SPENCER MICHELS: Religious scenes abound in the play, like this baptism of the suspected murderer that the reverend performs before his rapt church. Wilson, a Baptist himself, is no fan of fundamentalist religion in the 90’s. And he holds strong political views, rooted in the 60’s; he’s worried about where America is going in the post-Vietnam era. He has said he doesn’t want to be didactic or preachy in his writing, but in “Book of Days,” he makes very clear his opinions, letting the chips fall where they may.

LANFORD WILSON: In this one instance I don’t mind being didactic so much. I think there are things that you have to take a stand for or against sometimes, and I am really sort of shocked and appalled by some of the things that are happening. I grew up a Baptist. And I think it’s a religion that embraces so much and I just hate to see someone, something so close to baptism… being divisive and saying “I hate this.” That would never have said when I was… when I was baptized, when I was growing up.

SPENCER MICHELS: Many of Wilson’s plays explore the aftermath of the Vietnam era and the sexual revolution, sometimes with a hint of irony.

ACTRESS: We did it for them, for our children and our children’s children.

ACTOR: I heard that.

ACTRESS: Slopping barefoot and naked through the rain and freezing mud at Woodstock. For what? To make our country free, liberation. And look at what this perforated generation has done with it. It’s treason.

SPENCER MICHELS: Wilson is angry that much of the idealism of that period is gone, though he acknowledges the hedonism of the era.

SPENCER MICHELS: Why is that era so important to you, and why should it be so important to the audience?

LANFORD WILSON: What we thought this country was going to be when… when a people’s movement managed to end that war and change everything, we dreamed of such a much better country. It was the most angelic time this country has ever had.

MARSHALL MASON: It was a spiritual time and a time of great idealism, and that idealism – you know — really took root among the young people, particularly, and the idea that we could make a difference in the future of our country and in the future of the world.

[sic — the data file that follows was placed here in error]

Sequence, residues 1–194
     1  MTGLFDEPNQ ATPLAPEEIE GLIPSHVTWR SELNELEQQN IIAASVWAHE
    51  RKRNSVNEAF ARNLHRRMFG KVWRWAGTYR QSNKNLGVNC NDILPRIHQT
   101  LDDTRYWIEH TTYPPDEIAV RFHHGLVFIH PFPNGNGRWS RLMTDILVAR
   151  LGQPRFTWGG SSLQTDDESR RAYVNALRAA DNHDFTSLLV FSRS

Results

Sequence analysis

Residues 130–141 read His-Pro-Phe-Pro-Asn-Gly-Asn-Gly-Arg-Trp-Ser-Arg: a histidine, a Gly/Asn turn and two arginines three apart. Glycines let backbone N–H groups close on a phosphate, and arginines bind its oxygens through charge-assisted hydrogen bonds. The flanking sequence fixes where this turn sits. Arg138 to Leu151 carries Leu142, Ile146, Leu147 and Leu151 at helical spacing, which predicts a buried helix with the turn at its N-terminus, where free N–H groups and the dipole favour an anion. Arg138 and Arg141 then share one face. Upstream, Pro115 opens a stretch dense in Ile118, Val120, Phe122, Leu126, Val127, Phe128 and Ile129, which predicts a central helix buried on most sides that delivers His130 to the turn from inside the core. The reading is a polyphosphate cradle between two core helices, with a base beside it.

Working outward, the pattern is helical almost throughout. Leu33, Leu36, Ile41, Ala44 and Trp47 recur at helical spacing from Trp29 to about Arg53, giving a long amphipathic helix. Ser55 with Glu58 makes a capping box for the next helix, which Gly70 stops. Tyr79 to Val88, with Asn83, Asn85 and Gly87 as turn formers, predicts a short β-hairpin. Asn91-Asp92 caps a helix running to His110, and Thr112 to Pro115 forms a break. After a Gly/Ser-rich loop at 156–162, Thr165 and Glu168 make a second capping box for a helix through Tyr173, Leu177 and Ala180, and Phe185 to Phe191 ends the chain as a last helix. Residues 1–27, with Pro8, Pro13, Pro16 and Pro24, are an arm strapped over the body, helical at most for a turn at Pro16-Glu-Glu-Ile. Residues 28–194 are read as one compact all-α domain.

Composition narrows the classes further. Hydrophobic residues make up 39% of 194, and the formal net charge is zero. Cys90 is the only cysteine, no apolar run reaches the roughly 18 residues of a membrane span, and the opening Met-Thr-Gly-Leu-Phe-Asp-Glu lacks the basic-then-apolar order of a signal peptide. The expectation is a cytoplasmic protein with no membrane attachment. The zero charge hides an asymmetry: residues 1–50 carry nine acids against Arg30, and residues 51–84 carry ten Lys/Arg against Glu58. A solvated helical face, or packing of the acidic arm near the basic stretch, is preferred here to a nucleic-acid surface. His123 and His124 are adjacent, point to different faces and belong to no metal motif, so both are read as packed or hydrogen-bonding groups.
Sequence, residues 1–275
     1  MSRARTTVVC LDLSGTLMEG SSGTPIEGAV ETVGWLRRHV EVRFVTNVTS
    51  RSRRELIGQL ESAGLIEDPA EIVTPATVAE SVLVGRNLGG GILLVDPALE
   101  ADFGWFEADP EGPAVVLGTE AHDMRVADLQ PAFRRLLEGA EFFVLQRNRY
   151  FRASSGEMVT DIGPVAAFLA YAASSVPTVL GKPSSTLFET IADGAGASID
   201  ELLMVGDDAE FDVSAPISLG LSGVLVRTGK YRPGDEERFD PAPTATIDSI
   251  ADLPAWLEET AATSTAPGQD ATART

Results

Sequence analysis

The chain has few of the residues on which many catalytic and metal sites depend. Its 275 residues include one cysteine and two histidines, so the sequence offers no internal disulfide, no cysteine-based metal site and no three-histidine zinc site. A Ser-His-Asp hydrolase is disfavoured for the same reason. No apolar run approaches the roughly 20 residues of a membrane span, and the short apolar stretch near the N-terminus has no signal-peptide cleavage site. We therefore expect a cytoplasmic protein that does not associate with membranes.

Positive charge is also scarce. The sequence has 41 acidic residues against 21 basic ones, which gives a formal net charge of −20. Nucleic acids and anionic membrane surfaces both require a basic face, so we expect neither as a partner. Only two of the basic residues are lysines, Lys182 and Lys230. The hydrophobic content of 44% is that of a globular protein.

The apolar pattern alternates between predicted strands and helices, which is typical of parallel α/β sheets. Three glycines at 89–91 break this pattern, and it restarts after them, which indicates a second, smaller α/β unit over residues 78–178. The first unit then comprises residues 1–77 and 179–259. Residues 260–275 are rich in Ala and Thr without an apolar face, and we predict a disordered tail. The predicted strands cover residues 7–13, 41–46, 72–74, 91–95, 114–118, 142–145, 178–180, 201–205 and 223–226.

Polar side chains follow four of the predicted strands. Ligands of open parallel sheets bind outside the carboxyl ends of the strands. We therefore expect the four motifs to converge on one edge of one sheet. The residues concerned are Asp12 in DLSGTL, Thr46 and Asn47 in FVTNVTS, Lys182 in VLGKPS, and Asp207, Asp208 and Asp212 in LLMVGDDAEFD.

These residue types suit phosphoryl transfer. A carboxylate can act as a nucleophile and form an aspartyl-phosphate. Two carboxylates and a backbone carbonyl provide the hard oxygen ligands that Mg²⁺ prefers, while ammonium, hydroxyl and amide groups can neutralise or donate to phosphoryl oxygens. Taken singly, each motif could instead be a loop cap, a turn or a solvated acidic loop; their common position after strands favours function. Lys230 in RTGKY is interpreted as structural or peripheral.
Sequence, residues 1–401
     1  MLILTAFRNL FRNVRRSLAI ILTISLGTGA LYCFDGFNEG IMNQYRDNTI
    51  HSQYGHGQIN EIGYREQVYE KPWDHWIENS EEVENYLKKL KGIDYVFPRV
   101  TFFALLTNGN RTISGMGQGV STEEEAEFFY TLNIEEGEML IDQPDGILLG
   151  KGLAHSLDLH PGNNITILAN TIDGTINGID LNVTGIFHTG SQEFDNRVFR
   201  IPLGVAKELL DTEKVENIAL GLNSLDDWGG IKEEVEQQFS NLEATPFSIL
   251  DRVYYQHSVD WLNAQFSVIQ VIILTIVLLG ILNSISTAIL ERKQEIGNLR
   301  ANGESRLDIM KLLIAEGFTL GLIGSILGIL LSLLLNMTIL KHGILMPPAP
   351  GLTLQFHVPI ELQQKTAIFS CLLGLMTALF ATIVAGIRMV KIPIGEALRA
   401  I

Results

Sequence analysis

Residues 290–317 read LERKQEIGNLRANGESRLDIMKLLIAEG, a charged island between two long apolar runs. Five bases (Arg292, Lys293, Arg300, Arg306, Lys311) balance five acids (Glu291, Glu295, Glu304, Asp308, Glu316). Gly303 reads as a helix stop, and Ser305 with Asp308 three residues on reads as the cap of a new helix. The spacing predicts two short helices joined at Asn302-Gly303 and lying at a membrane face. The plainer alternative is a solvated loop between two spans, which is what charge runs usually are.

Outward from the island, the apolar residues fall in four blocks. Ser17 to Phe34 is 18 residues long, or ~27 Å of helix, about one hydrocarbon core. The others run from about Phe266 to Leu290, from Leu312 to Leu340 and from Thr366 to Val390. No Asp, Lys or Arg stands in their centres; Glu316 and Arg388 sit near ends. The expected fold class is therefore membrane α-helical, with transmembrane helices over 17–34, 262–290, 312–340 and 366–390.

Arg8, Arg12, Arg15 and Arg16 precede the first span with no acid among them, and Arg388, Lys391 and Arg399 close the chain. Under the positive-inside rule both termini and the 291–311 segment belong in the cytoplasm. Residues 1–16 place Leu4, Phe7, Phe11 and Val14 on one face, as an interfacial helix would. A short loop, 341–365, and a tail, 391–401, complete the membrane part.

SPENCER MICHELS: Don’t you essentially think people have forgotten that era? And it seems to me that you are bemoaning that fact, that it’s sort of lost.

LANFORD WILSON: Yeah, I don’t see anything. There is not a single remnant in the young people today; there’s not one remnant of that idealism.

MARSHALL MASON: Kids don’t read newspapers anymore or watch news on television. They don’t care about the world. They’ve given up on it. It’s like it’s beyond them and hopeless. And if this play does anything, it’s about the idea that maybe an individual needs to stand up and really fight for what is right, in spite of the consequences, because, of course, this woman pays dearly for her beliefs.

SPENCER MICHELS: This play ends very bleakly, no hope.


SPENCER MICHELS: Are you…are you that…

LANFORD WILSON: I didn’t know it. I didn’t know it until I saw the play and said, “Shoot, this is pretty bleak, isn’t it?”

MARSHALL MASON: And I think this play really looks at America at the end of the century, and it’s saying, “we continue to change, and the direction that we are changing in should give us some cause for alarm;” that we’d better really rethink what our values really are. And the value of the individual needs to be reassessed here in America towards the end century.

SPENCER MICHELS: “Book of Days” then moved to Hartford, Connecticut. Wilson and Mason are hoping for a New York run after that.